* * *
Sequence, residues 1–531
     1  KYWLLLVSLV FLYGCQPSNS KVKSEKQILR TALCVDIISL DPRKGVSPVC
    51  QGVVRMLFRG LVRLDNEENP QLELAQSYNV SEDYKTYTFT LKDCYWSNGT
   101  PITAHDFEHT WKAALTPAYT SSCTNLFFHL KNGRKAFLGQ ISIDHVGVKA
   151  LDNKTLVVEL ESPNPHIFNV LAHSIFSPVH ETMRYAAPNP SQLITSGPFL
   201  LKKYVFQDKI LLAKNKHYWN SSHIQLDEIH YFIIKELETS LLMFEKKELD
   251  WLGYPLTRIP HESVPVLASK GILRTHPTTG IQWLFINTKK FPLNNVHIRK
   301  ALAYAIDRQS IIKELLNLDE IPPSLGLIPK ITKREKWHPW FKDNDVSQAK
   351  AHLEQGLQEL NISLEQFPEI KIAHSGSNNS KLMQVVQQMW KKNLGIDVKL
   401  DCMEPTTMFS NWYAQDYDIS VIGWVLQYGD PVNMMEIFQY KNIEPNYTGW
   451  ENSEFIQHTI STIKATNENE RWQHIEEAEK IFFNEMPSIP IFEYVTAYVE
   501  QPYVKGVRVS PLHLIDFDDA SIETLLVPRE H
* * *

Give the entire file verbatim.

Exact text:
Sequence, residues 1–531
     1  KYWLLLVSLV FLYGCQPSNS KVKSEKQILR TALCVDIISL DPRKGVSPVC
    51  QGVVRMLFRG LVRLDNEENP QLELAQSYNV SEDYKTYTFT LKDCYWSNGT
   101  PITAHDFEHT WKAALTPAYT SSCTNLFFHL KNGRKAFLGQ ISIDHVGVKA
   151  LDNKTLVVEL ESPNPHIFNV LAHSIFSPVH ETMRYAAPNP SQLITSGPFL
   201  LKKYVFQDKI LLAKNKHYWN SSHIQLDEIH YFIIKELETS LLMFEKKELD
   251  WLGYPLTRIP HESVPVLASK GILRTHPTTG IQWLFINTKK FPLNNVHIRK
   301  ALAYAIDRQS IIKELLNLDE IPPSLGLIPK ITKREKWHPW FKDNDVSQAK
   351  AHLEQGLQEL NISLEQFPEI KIAHSGSNNS KLMQVVQQMW KKNLGIDVKL
   401  DCMEPTTMFS NWYAQDYDIS VIGWVLQYGD PVNMMEIFQY KNIEPNYTGW
   451  ENSEFIQHTI STIKATNENE RWQHIEEAEK IFFNEMPSIP IFEYVTAYVE
   501  QPYVKGVRVS PLHLIDFDDA SIETLLVPRE H